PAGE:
Serial Killers And The Mothers Who Love Them
It really doesn't matter what kind of child you have; athletic, good-natured, honest, polite –
they all lie about one thing. And every parent falls for it, even though they remember being guilty of the same crime when they were three feet tall. To what am I referring? It’s that fatal day when your child begs you for a pet and assures you, like a used car salesman who’s turned back the odometer, “I’ll take care of it, I promise.”
We had already mourned the loss of two hamsters and a mouse when my son spied a little green shell floating in an inch of water at a local department store. “Mom I want a turtle” he declared. “ Pleeease. I’ll take care of it. It’s only $1.29.” Twenty dollars later (what kind of person would make a turtle live without a custom bowl, plastic palm tree and matching shrub?) and only three weeks into her residency, our little turtle floats in the water – lifeless. And after a few medical experiments – conducted with a #2 pencil (namely pushing her under the water to see if we can jump start her) we determine that she is – in Turtle Heaven.
The family gathers and after a few tears and a few words on Madonna’s behalf, we flush her down the toilet and wish her eternal peace. Her bowl and plastic oasis are washed out and placed next to the hamster and mouse cage in the garage.
One year later, older but no wiser (how does that happen?) we pass a pet store in the mall. My son, the future attorney, makes his opening statement.
“Mom I’m 9 years old now and very responsible…wouldn’t you say?”
At gunpoint … yes.” He continues (failing to laugh at my humorous retort) “I really want to get a bird. I’ve always loved birds.” As I shake my head at the prospect he throws in the fatal “I’ll take care of him – I PROMISE!”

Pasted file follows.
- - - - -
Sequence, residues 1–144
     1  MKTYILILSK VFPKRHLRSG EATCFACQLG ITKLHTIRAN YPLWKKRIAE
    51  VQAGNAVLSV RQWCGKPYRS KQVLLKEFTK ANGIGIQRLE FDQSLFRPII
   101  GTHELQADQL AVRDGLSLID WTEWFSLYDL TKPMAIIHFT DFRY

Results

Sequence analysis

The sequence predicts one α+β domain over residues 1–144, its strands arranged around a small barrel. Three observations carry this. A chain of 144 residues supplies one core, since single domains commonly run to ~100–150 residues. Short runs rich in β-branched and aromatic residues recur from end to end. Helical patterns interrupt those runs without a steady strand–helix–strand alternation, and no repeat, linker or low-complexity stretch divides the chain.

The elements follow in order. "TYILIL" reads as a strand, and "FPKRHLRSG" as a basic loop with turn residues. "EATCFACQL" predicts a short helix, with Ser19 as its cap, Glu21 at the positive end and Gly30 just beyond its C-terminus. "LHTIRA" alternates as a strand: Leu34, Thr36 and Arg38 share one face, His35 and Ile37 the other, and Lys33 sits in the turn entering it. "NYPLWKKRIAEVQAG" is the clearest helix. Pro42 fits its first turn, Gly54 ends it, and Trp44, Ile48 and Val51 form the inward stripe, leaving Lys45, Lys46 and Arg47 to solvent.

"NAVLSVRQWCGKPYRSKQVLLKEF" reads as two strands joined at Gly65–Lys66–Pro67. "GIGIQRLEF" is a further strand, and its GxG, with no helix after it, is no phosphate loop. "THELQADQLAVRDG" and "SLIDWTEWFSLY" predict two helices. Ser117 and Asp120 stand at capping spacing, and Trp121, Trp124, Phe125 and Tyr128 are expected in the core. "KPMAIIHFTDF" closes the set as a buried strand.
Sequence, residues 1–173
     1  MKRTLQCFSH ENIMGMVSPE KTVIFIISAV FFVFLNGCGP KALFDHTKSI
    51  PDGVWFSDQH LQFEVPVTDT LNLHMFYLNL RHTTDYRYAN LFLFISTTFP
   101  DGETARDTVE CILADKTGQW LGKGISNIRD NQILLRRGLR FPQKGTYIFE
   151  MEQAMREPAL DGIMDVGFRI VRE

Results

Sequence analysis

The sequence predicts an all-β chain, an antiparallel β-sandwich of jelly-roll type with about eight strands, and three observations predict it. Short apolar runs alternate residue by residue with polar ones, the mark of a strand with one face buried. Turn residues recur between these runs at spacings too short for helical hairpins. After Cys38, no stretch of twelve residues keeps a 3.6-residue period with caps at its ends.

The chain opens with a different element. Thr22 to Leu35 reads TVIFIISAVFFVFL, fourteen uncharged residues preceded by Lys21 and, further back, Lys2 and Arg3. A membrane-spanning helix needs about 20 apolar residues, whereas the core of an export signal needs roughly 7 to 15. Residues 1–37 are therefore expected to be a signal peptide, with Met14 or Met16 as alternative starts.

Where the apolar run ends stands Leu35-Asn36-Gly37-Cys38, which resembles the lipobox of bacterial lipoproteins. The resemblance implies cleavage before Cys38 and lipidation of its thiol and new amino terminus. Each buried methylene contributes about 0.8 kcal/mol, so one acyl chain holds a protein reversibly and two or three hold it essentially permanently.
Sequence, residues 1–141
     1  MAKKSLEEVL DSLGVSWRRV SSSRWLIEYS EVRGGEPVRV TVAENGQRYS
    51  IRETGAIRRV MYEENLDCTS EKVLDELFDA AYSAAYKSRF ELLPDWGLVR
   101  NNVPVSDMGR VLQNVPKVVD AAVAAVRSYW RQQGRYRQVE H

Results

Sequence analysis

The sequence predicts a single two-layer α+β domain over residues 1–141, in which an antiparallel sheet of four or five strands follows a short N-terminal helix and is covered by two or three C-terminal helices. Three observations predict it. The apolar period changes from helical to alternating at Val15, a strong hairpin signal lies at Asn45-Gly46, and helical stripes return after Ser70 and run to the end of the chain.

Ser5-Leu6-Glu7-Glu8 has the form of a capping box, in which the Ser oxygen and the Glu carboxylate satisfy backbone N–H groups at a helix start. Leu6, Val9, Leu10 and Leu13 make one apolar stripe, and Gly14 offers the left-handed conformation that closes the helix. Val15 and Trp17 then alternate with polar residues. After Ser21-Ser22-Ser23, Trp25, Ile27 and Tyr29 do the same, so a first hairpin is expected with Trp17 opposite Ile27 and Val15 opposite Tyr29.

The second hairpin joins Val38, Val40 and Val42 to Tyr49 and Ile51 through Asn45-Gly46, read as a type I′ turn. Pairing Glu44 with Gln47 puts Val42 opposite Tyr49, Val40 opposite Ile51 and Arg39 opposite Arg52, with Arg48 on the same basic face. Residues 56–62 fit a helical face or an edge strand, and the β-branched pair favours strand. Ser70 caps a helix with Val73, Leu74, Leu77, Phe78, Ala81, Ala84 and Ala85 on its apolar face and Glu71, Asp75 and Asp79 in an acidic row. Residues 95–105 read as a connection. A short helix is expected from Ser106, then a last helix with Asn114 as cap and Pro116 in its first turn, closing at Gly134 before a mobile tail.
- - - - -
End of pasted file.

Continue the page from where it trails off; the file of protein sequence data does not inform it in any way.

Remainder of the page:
To my son’s credit, he did not kill the bird, he left the cage door open and as the cage was on the porch – Nemo walked/flew away. Of course my son was very sad. I felt bad too, we were running out of room in the garage.
I, myself, have never won anything in my life, so I was surprised when my youngest boy won six goldfish at the school carnival. Of course, you never win any fish food or bowls, which made winning six fish at 5:45 pm on a Sunday evening a real treat. Only the fish and I looked concerned about this. Actually, I like fish, though their mouths are always open yet they rarely complain.
My son was very enthusiastic, all I had to do was locate a pet store before it closed, spring for a bowl and the food (déjà vu) and he’d do the rest.
“Don’t worry – I’ll take care of ‘em.”
He took care of them alright – one by one. Each week another goldfish bit the gravel and soon the entire Jackson Five plus One (he was the cutest) had traded their earthly home for a heavenly residence in what we glibly referred to as Fish Heaven.
Even though you concoct a story about their lives after death and how happy they are with their other fish friends in the sky, you still feel bad knowing you and your children are going to Fish Hell if such a place exists for your heinous acts of negligence. No one admitted to throwing ping-pong balls into the bowl and yet there they were. And after Tito died we might have been too zealous when my 6 year old and I cleaned out the bowl – possibly not getting all of the soap out. Fish are such frail little creatures and though they were not with our family long we mourned them as if they’d been with us for months instead of just weeks. At this point our bathroom became more of a funeral parlor, we’d flushed so many animals down the toilet – it seemed sacrilegious to sit on it.
To recap we are at one mouse, two hamster, six goldfish and a turtle. I don’t know about you – but I think we’re ready for a pony – though we’d need a bigger toilet. Now when my kids beg for pets and swear they’ll “take care of them,” I’m reminded that mobsters use this same expression when they plan to eliminate someone. “Don’t worry, boss – I’ll take care of ‘em.” I think I know where they got this saying.